His disqualification period will commence on February 22, 2017.

Joy Mills fined

Joy Mills also faced the RADB recently after being charged with a breach of the prohibited substance rule. The breach related to Mills’ greyhound Fancy Minter which returned a positive urine sample to procaine when presented to race at Sale on October 16, 2016.

Mills pleaded guilty to the charge and gave evidence that the swab may have resulted from feeding her greyhound knackery meat rather than meat for human consumption.

Subsequently, Mills was handed down a $1500 fine, with $500 suspended for 12 months pending no further breaches of GAR 83 during that time.

Mizzi decision affirmed on appeal

Charles Mizzi recently appealed the severity of a penalty he was handed down by the RADB after being found guilty of four breaches relating to LR 83 (1A) and GAR 83 (2).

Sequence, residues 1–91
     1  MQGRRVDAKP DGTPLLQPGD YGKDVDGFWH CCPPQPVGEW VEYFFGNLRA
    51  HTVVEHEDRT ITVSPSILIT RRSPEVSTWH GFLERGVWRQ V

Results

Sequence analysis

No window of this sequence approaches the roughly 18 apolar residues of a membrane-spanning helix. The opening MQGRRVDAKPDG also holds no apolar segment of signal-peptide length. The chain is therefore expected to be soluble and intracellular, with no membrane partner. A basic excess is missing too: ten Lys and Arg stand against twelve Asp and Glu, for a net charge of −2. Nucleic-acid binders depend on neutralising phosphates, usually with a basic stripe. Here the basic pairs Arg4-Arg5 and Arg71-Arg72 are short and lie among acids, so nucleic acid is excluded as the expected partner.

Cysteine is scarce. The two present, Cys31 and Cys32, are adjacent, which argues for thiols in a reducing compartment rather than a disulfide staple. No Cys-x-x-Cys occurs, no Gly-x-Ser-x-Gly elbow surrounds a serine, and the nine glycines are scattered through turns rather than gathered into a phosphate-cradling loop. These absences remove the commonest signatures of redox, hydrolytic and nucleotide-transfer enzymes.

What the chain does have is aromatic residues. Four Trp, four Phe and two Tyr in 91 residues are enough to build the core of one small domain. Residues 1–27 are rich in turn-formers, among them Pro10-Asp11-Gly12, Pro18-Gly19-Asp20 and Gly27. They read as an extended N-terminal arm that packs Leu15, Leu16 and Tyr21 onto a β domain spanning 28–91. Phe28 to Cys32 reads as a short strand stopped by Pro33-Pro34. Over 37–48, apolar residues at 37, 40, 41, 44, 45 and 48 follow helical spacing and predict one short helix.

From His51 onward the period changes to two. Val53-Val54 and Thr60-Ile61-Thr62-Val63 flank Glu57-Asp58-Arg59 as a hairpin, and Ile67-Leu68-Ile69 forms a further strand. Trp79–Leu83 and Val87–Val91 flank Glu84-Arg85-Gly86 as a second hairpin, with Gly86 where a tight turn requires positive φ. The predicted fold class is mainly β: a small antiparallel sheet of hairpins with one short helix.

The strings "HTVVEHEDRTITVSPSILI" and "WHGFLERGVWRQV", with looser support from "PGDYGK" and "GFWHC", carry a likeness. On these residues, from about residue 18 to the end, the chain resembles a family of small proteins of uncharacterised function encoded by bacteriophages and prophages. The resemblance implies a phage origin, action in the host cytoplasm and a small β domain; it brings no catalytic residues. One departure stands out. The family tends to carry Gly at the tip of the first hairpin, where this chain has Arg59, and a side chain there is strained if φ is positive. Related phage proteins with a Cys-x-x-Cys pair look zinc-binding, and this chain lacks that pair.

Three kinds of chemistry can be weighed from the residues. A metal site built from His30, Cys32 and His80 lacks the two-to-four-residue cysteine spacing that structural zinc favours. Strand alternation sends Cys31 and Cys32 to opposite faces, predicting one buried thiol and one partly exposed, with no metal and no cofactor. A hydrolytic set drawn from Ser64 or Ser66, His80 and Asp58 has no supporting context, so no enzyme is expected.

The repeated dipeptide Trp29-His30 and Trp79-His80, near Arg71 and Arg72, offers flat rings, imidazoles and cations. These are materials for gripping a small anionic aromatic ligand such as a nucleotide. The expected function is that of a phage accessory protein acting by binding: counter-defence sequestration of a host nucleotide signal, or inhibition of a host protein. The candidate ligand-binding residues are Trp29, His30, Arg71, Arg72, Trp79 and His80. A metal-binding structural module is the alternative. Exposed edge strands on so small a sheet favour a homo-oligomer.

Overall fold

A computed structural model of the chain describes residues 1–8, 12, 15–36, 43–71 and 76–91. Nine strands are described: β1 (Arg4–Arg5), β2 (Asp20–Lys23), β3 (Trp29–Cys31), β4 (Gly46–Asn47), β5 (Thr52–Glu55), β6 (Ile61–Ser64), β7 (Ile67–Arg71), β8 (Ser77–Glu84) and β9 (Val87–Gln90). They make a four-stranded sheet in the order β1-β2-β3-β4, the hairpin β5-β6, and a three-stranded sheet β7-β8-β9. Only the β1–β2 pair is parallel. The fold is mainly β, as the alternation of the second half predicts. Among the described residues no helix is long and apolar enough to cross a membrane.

Mizzi was found guilty of administering and presenting two of his greyhounds to race when not free of a prohibited substance, with both dogs returning urine samples which showed the presence of cobalt higher than the allowed threshold.

Mizzi was disqualified for 15 months with nine months suspended, pending no further breaches of GAR 83 within the following 12 months.

Mizzi took the matter to the Victorian Civil and Administrative Tribunal (VCAT) which had granted a stay of proceedings in regards to his disqualification, however after the recent hearing, the RADB decision was affirmed and the stay of proceedings was set aside, with the period of disqualification coming into effect.